Dating sites: how they work, and how they market

Hey! It’s me, economics bat.

For a little background, I wrote about half the backend code for a dating site with over a million users. That is, if a dating site were a restaurant, I wrote the code that did the cooking, cleaning and busing. I’m responsible for a really wide range of features covering basically every aspect of the software. I’m also responsible for most of daily maintenance, and some other stuff I don’t want to tell you about.

I want to see if I can give you some ideas about how dating sites operate. I’m going to keep this stuff nontechnical and focused on the human-relevant aspects of this industry. Specifically, I’m writing for:

  • people who want to caricature the startup world in writing and art
  • cyberpunks and futurists asking what dating sites do to their users to extract more money and produce more satisfaction
  • people who are wondering why they never personally get any attention on dating sites
  • people who need to be talked down from the idea of making a dating site

There are no hot tips in here, but you might be able to use your newfound knowledge to derive some!

Promotional and personal disclosure

Some quick disclosure: a personal friend, Hayley, from The Character Consultancy, encouraged me to write this. As mentioned above, I’m assuming, you’re an artist, writer, or even a person who wants to make an app — if that’s so, you should check out her affiliate page.

As for me, I’m being compensated in coupons to the tune of less than a penny a word. I’m going to use her service as an illustrative example later in this essay.

Also, personal sidenote. This is my first post on Medium, and maybe the first internet post where I’ve been candid about my identity. I’d love to talk, but if you figure out who I am, don’t post it! I use this online guise because it lets me write and act differently than I do in my daily life.

An awesome bat photo you can look at before the article starts

The unsuccessful dating site

Most dating sites attract no humans, and fail immediately.

I’ve hung out with a lot of people who were trying to start a new dating site — they write me pretty often, and they like to write our marketing team too! — and usually they propose their idea around a niche. The people who message me tend to assume they have found a niche that has never been tried: often gay dating, dating for real people, dating with verified photos, dating for geeks and roleplayers, Christian dating.

Every new app maker should, at a bare minimum, Google their idea and see if it exists, but many don’t even do that.

While a niche might be necessary, it probably isn’t sufficient. New dating site developers often have the unrealistic expectation that, because they’ve got their niche, people who see nobody on their first login will still come online again and again. They’ll also make errors like counting people who haven’t logged in for years as users, or abusing their users by reengaging them with email notifications when nothing new has actually happened.

The bottom line is that, niche or no niche, it’s impossible for a user to have a good experience on a dating site if they log into it and nobody is there. This is probably the least effective thing about any new dating site. Developers who lack the cynicism to recognize this are likely to be the only users on their platforms.

For a cynical developer, this is a problem that needs solving. And there are options!

  • Some dating ventures will copy the user pool of an existing site onto their new dating site. Of course, for users, none of the profiles on the dating site will correspond to anyone who has ever used the site.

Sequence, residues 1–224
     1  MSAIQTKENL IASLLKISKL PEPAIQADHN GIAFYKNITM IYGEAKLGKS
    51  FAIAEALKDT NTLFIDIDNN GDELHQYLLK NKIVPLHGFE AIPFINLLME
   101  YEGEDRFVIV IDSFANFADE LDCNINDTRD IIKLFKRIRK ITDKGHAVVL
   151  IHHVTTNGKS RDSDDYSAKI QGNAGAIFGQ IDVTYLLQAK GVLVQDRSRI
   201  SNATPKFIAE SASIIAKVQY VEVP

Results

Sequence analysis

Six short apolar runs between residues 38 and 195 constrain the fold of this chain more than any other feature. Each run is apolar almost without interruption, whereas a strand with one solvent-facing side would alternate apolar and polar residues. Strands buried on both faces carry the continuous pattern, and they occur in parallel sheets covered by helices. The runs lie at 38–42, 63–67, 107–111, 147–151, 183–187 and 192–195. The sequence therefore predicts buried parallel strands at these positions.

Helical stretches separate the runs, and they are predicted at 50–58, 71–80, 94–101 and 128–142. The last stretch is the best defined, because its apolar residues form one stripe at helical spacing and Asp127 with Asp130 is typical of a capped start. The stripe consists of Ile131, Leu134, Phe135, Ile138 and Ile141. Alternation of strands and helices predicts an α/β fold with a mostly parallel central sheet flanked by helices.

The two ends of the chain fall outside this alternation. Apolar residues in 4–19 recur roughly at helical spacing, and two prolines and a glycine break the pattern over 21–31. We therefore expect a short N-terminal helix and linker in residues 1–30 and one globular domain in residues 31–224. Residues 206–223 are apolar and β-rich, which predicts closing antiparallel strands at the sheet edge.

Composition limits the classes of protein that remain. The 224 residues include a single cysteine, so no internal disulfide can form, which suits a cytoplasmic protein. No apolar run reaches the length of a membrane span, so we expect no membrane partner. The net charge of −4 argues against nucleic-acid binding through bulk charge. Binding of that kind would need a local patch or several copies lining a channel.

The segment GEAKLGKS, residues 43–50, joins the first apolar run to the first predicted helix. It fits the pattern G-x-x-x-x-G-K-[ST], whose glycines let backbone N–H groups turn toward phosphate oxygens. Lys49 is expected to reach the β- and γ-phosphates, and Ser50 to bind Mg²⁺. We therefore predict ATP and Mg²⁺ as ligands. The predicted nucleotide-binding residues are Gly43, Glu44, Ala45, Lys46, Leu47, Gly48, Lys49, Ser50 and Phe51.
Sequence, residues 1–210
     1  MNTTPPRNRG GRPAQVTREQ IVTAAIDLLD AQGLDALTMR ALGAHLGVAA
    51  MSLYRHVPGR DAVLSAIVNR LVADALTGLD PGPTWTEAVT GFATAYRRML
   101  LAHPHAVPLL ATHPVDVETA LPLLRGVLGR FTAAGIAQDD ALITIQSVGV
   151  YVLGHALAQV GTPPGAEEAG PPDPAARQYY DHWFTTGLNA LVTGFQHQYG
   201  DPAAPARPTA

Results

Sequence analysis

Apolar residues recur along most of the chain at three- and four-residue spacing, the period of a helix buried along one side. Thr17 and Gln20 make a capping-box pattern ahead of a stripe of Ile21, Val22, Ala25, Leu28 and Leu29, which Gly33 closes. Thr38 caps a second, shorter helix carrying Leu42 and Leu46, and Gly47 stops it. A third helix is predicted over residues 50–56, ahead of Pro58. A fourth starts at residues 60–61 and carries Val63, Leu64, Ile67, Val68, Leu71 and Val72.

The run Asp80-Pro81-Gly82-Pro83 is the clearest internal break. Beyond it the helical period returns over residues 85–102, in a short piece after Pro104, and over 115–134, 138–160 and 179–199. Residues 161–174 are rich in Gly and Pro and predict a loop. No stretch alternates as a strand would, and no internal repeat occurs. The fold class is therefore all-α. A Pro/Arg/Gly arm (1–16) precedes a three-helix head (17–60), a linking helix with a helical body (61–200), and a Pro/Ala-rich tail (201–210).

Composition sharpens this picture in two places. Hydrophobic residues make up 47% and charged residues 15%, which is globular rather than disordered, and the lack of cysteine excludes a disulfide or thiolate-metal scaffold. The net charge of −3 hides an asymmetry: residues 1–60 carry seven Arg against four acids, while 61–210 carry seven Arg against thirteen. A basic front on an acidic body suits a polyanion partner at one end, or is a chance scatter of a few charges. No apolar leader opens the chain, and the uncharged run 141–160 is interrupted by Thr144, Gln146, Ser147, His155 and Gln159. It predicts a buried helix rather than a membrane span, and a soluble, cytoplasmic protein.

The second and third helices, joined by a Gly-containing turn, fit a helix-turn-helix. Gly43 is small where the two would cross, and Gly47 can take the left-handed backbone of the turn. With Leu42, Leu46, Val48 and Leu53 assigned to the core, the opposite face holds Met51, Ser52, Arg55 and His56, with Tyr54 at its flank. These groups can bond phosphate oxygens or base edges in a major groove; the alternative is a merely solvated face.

• Others rely on bots to generate human interactions. These sites often charge the humans to reply to messages, under the theory that by the time you realize the person you are replying to is fake, you will already have spent money.

These strategies, emphatically, don’t lead to any actual dates.

While there’s money to be made for developers who are willing to do unethical things like the above, there’s money to be made from too-optimistic developers and dreamers. In a gold rush, the moneymakers sell spades.

It’s very cheap to start a dating site, but not free. Let’s say you decide to make a dating site for bat lovers. There are vendors who, for meager three-digit monthly fees, will develop a dating site for bat lovers — by editing a template. They’ll even supply it with a userbase which, unbeknownst to you, consists of computer-generated fictional characters, each given a name like LucinaBat or GottaBatIt1330.

In real life I get occasional messages from people who got suckered in by this latter kind of thing, who are now grossly in the hole financially, and who could really use a little promotional help from the operators of a real dating app. Many of them have Play Store pages, meaning they’ve bought some kind of deluxe package that includes an Android app.

Unfortunately, this is basically roleplaying — or worse, vanity publishing. How depressing!

How dating sites market

So you, a real human who is single, are probably not going to use a dating site unless you have faith that it will work. If you never have any faith, you won’t register; if you lose your faith, you’ll probably leave.

To earn or retain you, a dating site needs to defeat your negative assumptions. Basically, those negative assumptions are that:

  • the profiles on the site are imaginary people
  • none of the people on the site are active

In most cases, as you know from the previous section, these assumptions are absolutely true.

There are some additional gender-specific negative assumptions. My experiences, put really short: men are worried no women will talk to them; women are worried that the people who do talk to them will be creepy. There are also some gender-specific patterns of behavior: men are likely to sign up for dating sites experimentally, but need to be retained; women are less likely to sign up in the first place.